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Triad's development concept for the old Public Safety Building site incorporates a new civic square for Seattle's 21st century. The Civic Square design aspires to be a model of sustainable design as a catalyst for our civic culture, for the vitality of South Downtown, and a welcoming place for our diverse community to come together.

Project Description

Public Plaza
The plaza is the primary gathering space for the public and touches all sides of the block. It is a people place (at Yesler Street) rich with stately trees, seating, gentle lawns and a shallow pool fed by stormwater. It is the city's family room, accommodating shoppers and book groups, residents and travelers, suits and outdoorsmen. It is a place for all and a true civic destination with shopping, services and trails but has a civic nature that pulls the threads of the surrounding blocks toward its center. This is where art installations, evening concerts, ethnic markets and public dialogue can all take place. The space is large enough to accommodate a large performance, but will also provide a series of more intimate gathering areas.

The pavilion is the focal point of the open space with transparent walls and a distinctive green roof. It provides a gathering place for music, exhibitions, lectures, parties, weddings and any number of citizen-based activities. Its green roof, accessible to the public, carries roof water from the tower through a water garden to a basin in the open space. At night, the building appears as a glowing lantern welcoming all.

Integral to the spirit and physical character of the project is the overt expression of stormwater. Water is moved by expressive conveyance - scuppers, piping and aqueducts. Residents and visitors to the Civic Square are reminded of the seasonality and subtlety of our weather with intermittent streams and seasonal pools. Stormwater will be stored and reused for irrigation.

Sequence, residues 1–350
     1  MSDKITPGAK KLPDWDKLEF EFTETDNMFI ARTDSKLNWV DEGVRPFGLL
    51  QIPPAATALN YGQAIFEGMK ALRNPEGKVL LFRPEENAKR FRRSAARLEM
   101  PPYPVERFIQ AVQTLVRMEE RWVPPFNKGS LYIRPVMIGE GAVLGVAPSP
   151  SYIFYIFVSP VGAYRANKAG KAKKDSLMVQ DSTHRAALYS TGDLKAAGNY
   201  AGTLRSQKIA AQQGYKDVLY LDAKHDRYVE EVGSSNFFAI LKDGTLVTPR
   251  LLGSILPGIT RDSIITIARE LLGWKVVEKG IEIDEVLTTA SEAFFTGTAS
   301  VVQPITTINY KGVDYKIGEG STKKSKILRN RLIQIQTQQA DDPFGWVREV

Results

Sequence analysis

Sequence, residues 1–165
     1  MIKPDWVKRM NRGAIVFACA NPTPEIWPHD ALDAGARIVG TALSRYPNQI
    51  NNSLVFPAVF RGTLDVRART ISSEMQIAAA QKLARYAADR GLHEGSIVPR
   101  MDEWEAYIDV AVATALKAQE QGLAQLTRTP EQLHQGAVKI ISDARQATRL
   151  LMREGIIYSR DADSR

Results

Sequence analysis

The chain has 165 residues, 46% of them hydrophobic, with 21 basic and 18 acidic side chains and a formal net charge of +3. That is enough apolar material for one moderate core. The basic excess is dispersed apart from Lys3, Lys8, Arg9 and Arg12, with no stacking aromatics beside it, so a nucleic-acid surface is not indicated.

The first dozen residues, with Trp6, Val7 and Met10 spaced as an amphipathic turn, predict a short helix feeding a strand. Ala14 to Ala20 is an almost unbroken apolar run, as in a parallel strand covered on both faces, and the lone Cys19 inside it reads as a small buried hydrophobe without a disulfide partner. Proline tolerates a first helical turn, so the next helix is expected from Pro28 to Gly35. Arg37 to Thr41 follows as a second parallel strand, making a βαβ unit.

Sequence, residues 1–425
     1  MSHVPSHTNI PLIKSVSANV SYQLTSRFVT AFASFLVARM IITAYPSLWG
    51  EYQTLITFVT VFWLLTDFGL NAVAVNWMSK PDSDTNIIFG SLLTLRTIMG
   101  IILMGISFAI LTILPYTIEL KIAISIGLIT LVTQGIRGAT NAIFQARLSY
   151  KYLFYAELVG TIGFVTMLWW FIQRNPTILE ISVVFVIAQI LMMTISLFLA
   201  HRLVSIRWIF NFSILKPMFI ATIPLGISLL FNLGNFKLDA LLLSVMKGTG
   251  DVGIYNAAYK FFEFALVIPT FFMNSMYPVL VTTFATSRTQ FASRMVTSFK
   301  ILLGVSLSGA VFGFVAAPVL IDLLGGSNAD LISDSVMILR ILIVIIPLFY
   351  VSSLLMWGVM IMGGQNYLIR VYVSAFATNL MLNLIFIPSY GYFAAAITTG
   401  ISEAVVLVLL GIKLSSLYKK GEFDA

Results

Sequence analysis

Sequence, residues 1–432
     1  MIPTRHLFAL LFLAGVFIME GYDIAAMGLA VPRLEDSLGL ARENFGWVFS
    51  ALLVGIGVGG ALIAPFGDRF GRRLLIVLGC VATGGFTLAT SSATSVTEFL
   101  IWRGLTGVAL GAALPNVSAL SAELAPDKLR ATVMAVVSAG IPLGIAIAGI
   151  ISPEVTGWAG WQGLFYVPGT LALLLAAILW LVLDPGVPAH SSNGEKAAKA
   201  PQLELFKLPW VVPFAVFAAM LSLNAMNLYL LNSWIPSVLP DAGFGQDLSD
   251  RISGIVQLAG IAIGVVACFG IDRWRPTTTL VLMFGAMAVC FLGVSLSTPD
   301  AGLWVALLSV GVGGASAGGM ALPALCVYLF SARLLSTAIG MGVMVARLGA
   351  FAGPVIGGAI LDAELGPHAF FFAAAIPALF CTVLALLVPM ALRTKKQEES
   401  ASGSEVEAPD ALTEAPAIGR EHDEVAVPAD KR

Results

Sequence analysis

Civic Square Tower
This is a complex building whose uses are vertically integrated. Its facades respond to the seasons, views and uses. Its physical expression is uncluttered and materials honestly used. The tower splays to the west maximizing views. To the south, it buttresses at the ground (reminiscent of historic cedars) providing shelter for ground level uses. The lower portions of the south facade are cloaked with a metal screen to both absorb and dissipate energy. Other sustainable measures include energy recovery and generation, optimized natural light and ventilation and recycled water systems. The sustainable goal for the building is LEED Platinum. The physical and perceived qualities of the tower are organic, transparent and dynamic.

Services, retail and public spaces intertwine along the west edge of the block. The engaging storefronts and walkways lead pedestrians into an extensive marketplace and into the plaza. A broad range of retailers, service providers and public amenities make up this year-round destination providing in-city needs in a dense and active collection of facades and uses, including cafes, barbers, child care centers, drug stores, clothing retailers, classrooms, bike lockers, etc.

The impact of the Civic Square will reach beyond its boundaries to become the focus of activity and services for a broader community. Similar to Pioneer Square, the public domain in this new civic district will have distinct and consistent design elements including furnishings, plantings and paving. Curb bulbs, wayfinding markers and seating will encourage pedestrian movement and access through the district.

Civic Square Tower in Seattle's skyline
Image: Foster + Partners


city hall
Civic Square as viewed from Seattle City Hall.
Image: Foster + Partners

Civic Square site in downtown Seattle context
Image: Foster + Partners

Light-rail exit with rainscreen protection
Image: Foster + Partners

Nighttime at Civic Square
Image: Foster + Partners

Daytime at Civic Square
Image: Foster + Partners
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2801 Alaskan Way, Suite 107
Seattle, WA 98121
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